Sunday, Apr 16 — day 21

PCT mile 266.12 to 286.69

After a day of sloth I am ready to get hiking again! Suki picked me up and dropped me off right where she found me on Friday. We hugged goodbye and I was off.The trail here goes through a dense Piñon Pine and Juniper forest with occasional views of the deserts to the north. The only flowers in bloom are Douglass Phlox.  


There are also a few large Cedars here


I have been seeing a lot of deer tracks but until today the only deer I saw were eating the grass in people’s lawns in Idyllwild, but today I saw a deer in the wild. I’m still surprised I have not seen more.


When I cross to the southern facing side of the ridge I am rewards with a view of Big Bear Lake.

The only other critters I see are the skittish squirrels and chipmunks that I cannot seem to get a photo of, and the Western Fence Lizard which I finally got a decent photo of. These lizards are very common all over CA, I think, and I see many dozens of them on the trail daily.  They often hang out on rocks doing push-ups to impress the ladies and scare off other males.  They usually see me first and take off fast, but sometimes straight at me at first then they spin around and shoot up the trail then off to some safer place.


I used to keep these lizards as pets as a kid. The common name for these is Blue-Belly Lizard because they have bright blue patches on the sides of their abdomens. I used to be able to catch these guys as a kid, and if I ever do on this trip, I’ll post a photo. Their backs can range in colors from light brown and grey with patterns to jet black, sometimes with a line of red or blue.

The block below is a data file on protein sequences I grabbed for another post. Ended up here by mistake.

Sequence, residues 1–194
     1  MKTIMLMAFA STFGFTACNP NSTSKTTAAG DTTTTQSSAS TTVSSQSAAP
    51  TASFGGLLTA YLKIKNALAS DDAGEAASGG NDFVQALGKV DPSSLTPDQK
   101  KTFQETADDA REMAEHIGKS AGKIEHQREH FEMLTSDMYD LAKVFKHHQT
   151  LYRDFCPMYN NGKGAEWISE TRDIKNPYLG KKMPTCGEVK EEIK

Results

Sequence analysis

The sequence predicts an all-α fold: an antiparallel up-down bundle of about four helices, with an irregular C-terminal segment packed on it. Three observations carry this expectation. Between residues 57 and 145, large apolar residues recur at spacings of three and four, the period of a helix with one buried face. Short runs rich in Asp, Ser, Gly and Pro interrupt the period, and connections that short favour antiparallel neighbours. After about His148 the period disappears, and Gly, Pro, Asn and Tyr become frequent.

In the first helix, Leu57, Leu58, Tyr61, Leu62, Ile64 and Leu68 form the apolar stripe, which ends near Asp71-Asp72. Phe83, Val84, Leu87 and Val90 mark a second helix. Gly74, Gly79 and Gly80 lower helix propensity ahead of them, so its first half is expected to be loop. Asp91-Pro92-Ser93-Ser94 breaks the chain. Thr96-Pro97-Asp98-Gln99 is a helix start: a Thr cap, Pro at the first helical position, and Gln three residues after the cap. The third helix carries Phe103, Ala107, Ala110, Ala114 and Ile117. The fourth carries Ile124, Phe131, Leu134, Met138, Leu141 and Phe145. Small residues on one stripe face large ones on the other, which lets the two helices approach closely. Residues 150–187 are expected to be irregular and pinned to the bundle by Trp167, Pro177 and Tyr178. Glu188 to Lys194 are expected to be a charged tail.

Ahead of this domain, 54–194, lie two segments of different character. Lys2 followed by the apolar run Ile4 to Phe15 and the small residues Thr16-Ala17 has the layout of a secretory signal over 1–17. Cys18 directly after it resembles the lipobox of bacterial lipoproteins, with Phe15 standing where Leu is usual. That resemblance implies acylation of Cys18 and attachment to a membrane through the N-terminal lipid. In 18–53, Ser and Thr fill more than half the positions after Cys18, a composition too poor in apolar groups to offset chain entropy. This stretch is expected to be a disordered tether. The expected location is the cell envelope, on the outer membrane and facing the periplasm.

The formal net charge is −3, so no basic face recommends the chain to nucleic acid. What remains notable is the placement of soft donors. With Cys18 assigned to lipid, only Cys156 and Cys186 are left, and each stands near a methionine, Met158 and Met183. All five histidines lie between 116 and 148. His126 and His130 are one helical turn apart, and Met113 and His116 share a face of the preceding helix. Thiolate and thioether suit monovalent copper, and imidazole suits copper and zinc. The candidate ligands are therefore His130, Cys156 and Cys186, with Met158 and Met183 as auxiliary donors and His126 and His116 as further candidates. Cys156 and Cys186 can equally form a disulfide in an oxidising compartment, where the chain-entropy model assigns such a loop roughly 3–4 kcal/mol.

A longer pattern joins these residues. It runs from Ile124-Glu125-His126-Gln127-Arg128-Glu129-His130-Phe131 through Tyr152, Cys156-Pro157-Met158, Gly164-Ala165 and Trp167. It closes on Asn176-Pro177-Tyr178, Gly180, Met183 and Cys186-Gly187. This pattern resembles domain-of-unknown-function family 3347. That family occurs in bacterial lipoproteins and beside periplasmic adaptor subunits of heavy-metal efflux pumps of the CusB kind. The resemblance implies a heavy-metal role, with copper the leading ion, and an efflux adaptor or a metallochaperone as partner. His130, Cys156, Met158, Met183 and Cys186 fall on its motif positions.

Around another corner and I enter a large burn area. I do not know how long ago this burned, but since I do not see ash or charcoals I think it burned years before the Mountain Fire I hiked through a few days ago.

A bit more on the trail and I see the next mountain range I’m headed for with Mt Baldy, Wrightwood and Mt BadenPowel.


Since there has not been as much wildlife diversity today, I captured photos of some common insects I’ve seen: a Ladybug hiding in a bush 


and a Stink Bug


The Stink Bug is a type of Dung Beetle, but I have yet to see one rolling its prize down the trail…

I arrived at my camping site early, and while I probably should have pressed on to the next, I decided that since I’ve already completed 20 miles today and feeling a bit sore that the additional 6 miles to the next campsite would take a few hours, so I’ll just stay here. I thought I’d share my cowboy camp setup:

There are many bonuses for cowboy camping:  faster setup and takedown, stars at night, and lots of fresh air (you may not realize this, but I kinda carry a foul odor about me…).  I can cowboy camp when it’s not rainy, windy, buggy or super cold.

Since it’s been a slow day, I’ll finish with a selfie just in case you forgot what I look like.


Thanks for reading.

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